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Cross-sectional patterns of mortgage debt during the housing boom: evidence and implications

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Abstract

The reallocation of mortgage debt to low-income or marginally qualified borrowers plays a central role in many explanations of the early 2000s housing boom. We show that such a reallocation never occurred, as the distribution of mortgage debt with respect to income changed little even as the aggregate stock of debt grew rapidly. Moreover, because mortgage debt varies positively with income in the cross section, equal percentage increases in debt among high- and low-income borrowers meant that wealthy borrowers accounted for most new debt in dollar terms. Previous research stressing the importance of low-income borrowing was based on the inflow of new mortgage originations alone, so it could not detect offsetting outflows in mortgage terminations that left the allocation of debt stable over time. And while defaults on subprime mortgages played an important part in the financial crisis, the data show that subprime lending did not cause a reallocation of debt toward the poor. Rather, subprime lending prevented a reallocation of debt toward the wealthy.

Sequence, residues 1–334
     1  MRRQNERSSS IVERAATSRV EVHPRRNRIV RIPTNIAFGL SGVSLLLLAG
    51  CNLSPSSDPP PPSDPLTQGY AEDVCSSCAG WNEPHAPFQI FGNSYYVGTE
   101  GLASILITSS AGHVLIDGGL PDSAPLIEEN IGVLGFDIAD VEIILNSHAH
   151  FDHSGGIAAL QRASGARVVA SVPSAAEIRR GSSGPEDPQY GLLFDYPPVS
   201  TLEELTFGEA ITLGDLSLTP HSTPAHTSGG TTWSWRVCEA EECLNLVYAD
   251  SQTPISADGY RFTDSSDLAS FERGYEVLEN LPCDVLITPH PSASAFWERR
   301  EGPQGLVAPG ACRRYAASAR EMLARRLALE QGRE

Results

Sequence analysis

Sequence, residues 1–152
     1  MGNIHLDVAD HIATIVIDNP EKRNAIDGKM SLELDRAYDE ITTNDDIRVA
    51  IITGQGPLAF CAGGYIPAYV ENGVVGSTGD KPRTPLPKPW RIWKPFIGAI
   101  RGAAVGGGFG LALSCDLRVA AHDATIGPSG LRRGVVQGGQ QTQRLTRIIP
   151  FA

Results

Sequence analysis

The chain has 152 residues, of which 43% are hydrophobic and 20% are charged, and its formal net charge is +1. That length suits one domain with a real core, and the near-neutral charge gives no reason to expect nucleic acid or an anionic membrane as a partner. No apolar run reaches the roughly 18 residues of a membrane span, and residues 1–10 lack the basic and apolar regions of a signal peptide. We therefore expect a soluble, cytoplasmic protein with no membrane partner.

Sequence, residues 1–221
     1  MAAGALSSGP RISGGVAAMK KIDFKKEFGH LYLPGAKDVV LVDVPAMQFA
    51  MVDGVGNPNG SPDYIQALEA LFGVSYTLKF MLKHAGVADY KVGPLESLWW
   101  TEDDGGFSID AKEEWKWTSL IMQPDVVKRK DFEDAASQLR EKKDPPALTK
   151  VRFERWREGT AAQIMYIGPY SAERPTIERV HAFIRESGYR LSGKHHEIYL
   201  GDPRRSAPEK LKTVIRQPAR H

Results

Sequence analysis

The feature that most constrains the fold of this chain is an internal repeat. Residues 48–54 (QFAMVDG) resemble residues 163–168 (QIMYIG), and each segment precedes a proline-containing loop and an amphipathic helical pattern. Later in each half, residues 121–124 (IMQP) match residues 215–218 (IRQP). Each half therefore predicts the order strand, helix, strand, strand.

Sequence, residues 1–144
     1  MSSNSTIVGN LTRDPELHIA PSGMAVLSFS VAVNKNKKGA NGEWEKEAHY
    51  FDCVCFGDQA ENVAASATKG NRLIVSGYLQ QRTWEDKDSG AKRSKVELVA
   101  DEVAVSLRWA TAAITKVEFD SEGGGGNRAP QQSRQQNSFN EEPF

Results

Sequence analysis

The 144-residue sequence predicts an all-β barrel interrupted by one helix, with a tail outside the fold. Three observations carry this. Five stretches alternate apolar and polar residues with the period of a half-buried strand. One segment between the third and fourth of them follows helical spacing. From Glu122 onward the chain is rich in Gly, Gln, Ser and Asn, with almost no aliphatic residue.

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  • Christopher L. Foote & Lara Loewenstein & Paul S. Willen, 2016. "Cross-sectional patterns of mortgage debt during the housing boom: evidence and implications," Working Papers 16-12, Federal Reserve Bank of Boston.
  • Handle: RePEc:fip:fedbwp:16-12
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    More about this item

    JEL classification:

    • D12 - Microeconomics - - Household Behavior - - - Consumer Economics: Empirical Analysis
    • D14 - Microeconomics - - Household Behavior - - - Household Saving; Personal Finance
    • E03 - Macroeconomics and Monetary Economics - - General - - - Behavioral Macroeconomics
    • G21 - Financial Economics - - Financial Institutions and Services - - - Banks; Other Depository Institutions; Micro Finance Institutions; Mortgages
    • R21 - Urban, Rural, Regional, Real Estate, and Transportation Economics - - Household Analysis - - - Housing Demand

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